Help keep a railroad station up and running.
What does a Railroad Worker do?
The term “Railroad Worker” could apply to many things, including workers who install and repair rails; inspect, tend, and operate trains; or assist and interact with passengers in any way. The rail industry is one of the last remaining “lifetime employment” industries. A successful career in rail could take you from Railroad Worker to Conductor, Engineer, or all the way to Railroad Supervisor or any other leadership position.
Everyone starts at the bottom, though. Most Rail Workers are part of a union as well, which means that you have to work your way up through the ranks and accrue seniority.
Railroad Workers are called upon to be versatile and dynamic. In the course of your mandatory training, you’ll learn most of what your daily activities will call for. In the field, however, things can change rapidly. You need to constantly have your head on a swivel.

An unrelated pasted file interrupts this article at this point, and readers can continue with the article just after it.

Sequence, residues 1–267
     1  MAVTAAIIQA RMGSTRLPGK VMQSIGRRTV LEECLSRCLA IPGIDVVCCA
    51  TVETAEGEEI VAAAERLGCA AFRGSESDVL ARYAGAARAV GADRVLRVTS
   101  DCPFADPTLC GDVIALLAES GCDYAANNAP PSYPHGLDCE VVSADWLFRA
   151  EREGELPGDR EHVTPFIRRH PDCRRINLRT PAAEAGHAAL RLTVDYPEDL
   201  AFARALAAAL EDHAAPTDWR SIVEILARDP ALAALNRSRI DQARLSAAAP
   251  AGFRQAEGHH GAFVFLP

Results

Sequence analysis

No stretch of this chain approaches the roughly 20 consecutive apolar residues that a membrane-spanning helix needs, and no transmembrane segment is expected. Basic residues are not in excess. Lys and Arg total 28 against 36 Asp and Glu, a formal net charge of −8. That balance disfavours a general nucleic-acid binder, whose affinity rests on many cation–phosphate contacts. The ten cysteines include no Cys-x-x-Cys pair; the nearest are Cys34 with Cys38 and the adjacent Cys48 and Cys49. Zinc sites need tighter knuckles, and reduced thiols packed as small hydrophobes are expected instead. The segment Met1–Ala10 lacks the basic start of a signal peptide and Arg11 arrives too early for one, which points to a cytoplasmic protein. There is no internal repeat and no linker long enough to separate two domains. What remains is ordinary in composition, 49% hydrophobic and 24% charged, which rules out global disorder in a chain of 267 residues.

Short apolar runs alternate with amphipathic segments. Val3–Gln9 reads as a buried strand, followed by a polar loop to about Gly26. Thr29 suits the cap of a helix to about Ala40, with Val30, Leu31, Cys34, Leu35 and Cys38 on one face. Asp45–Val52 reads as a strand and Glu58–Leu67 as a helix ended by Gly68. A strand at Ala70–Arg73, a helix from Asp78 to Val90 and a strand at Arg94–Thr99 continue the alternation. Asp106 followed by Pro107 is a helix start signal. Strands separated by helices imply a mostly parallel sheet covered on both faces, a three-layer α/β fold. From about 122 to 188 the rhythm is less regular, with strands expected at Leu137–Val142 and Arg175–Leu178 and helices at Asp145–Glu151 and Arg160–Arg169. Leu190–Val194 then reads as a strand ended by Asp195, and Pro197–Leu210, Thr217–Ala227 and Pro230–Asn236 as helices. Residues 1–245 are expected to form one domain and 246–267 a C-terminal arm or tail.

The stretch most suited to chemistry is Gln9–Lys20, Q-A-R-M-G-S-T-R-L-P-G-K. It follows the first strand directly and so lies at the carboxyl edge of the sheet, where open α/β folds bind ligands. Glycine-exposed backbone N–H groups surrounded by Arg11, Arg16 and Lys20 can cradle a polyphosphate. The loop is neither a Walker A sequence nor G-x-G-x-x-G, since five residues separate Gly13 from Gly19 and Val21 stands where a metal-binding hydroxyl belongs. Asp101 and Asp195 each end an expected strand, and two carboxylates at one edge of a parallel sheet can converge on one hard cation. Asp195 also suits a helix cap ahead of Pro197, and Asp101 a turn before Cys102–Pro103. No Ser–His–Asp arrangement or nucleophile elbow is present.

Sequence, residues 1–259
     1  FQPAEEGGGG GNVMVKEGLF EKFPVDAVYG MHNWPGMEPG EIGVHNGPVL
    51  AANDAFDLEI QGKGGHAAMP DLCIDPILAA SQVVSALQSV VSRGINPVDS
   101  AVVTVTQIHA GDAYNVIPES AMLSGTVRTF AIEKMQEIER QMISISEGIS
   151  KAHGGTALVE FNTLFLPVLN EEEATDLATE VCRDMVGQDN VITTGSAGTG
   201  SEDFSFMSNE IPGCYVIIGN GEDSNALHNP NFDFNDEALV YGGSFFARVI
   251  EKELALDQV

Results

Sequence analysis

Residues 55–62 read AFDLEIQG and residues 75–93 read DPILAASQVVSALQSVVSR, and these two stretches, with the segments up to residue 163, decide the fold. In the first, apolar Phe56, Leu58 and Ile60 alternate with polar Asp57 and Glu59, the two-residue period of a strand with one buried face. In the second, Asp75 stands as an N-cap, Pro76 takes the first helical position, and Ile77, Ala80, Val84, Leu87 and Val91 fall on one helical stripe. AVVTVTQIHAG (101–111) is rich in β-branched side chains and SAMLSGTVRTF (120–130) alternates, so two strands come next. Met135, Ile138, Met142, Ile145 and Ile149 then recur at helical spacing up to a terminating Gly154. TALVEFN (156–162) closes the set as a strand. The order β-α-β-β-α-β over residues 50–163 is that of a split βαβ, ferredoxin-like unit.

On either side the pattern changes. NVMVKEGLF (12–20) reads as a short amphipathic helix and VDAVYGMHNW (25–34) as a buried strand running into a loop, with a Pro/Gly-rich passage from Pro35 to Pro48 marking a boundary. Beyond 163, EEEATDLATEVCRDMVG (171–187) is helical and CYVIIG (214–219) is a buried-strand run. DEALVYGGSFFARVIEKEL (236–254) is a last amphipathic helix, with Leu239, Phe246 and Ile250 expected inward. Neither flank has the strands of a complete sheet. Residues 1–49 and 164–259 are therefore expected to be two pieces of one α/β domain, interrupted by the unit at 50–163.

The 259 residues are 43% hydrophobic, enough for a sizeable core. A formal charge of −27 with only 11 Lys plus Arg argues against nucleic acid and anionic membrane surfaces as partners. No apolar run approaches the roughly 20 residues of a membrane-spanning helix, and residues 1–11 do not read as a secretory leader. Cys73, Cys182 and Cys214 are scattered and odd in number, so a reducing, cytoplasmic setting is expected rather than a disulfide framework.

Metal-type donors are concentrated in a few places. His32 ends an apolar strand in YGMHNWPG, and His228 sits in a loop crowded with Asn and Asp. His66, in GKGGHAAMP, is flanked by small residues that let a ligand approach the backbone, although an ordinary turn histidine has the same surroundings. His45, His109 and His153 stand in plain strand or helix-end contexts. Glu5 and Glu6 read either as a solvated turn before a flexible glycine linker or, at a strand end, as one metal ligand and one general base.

Watching for traffic and signal patterns, understanding travel and shipping orders, and recognizing early symptoms of mechanical problems are all vital to ensuring everyone’s safety and keeping the trains running efficiently. Be prepared to work outdoors, inside trains, and in cramped mechanical access spaces. Good adherence to safety procedures will protect you from trains, heavy cargo, and machinery injury.
Like most transportation workers, Railroad Workers start off with a 40-hour workweek. These 40 hours can take a lot of different forms, and time off can be irregular. Overtime is common as you learn the ropes and usually have a pretty long “to do” list.
If you really love the rails and want to make a career for yourself, then you’ll power through. Good communication skills and the ability to follow orders and work as part of a team are also important. They keep people alive and make your work enjoyable.